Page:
Patience happens to be both difficult for me to practice and elemental in working as a music therapist.
Finding patience clinically
One of the clients I see every week has drawn out of me a need to practice the patience with which I struggle more often than not. To be clear, I loosely define patience as listening to the client and supporting the client in the time frame he or she chooses. I try not to expect a behavior or a reaction or a vocalization in any given circumstance. However, I am not always aware enough to realize that what has happened with a client historically isn’t necessarily going to happen again. Two of the last sessions I’ve had with one particular client has proven that. Instead of enthusiastically engaging with an instrument as is normally the case, this client met the instrument and me with silence. Silence has its own set of challenges for me, and though I’m learning to embrace it more and more, I think I still find it threatening. Doing something seems to be so important, and silence doesn’t look as though something is being done. But it is. And in these silences, I had to remind myself of patience and presence, and being open to the client.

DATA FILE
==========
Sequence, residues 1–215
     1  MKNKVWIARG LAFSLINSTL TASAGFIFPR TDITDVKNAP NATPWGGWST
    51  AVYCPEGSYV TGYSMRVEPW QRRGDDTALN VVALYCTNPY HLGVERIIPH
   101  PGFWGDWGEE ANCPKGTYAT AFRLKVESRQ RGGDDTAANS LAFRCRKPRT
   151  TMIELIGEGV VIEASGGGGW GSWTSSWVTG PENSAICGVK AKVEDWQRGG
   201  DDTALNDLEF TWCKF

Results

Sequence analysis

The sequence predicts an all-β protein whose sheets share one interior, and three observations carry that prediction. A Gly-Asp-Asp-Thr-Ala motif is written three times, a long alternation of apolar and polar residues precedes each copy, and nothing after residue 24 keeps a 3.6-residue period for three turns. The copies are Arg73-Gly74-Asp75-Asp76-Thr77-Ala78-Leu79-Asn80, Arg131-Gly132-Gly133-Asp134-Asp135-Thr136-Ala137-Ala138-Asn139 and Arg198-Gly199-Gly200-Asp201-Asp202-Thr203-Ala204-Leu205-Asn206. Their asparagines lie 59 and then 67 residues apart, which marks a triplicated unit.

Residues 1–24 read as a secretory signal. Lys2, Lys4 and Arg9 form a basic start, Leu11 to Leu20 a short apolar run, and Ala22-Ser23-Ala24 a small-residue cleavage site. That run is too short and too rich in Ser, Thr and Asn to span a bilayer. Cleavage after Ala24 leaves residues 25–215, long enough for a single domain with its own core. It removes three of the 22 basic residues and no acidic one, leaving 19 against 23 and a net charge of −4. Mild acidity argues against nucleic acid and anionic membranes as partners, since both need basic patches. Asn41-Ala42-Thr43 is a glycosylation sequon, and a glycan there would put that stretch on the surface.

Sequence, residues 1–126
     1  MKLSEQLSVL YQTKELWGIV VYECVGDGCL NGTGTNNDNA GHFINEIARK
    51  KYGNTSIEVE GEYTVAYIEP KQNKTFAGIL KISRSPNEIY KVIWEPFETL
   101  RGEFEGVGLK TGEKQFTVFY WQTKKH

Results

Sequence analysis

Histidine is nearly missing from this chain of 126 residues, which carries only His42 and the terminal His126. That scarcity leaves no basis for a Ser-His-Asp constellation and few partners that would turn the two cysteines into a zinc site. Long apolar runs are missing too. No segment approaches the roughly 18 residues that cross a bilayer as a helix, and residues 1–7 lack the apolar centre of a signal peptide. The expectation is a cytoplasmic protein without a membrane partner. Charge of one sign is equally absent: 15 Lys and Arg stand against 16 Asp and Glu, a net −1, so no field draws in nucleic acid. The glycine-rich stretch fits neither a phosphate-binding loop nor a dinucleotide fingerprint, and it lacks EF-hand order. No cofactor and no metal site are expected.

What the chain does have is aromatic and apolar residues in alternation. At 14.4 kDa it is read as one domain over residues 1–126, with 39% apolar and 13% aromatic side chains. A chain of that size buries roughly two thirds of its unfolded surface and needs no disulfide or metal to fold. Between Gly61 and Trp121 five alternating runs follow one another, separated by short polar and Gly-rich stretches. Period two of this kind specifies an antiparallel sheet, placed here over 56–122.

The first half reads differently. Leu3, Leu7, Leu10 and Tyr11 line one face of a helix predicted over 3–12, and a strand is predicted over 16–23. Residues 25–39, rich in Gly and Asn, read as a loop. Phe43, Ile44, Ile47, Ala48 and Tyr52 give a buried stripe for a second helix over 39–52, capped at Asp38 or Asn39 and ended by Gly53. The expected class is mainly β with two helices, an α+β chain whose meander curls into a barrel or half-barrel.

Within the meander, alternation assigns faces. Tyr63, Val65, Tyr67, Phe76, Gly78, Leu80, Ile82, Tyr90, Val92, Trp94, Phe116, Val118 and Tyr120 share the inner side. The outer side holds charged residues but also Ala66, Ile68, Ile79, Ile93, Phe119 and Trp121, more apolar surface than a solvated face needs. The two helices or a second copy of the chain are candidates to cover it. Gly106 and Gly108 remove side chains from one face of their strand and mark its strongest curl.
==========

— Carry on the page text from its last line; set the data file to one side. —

Finding patience professionally
Now that I am more than halfway through my pregnancy, I’m having to practice patience in determining my case load. I’ve decided I’ll need to pare down in some areas but build up in others. These decisions induce a lot of anxiety– again, I feel that I need to have it all done already– but on a very regular basis I have to remind myself to be patient.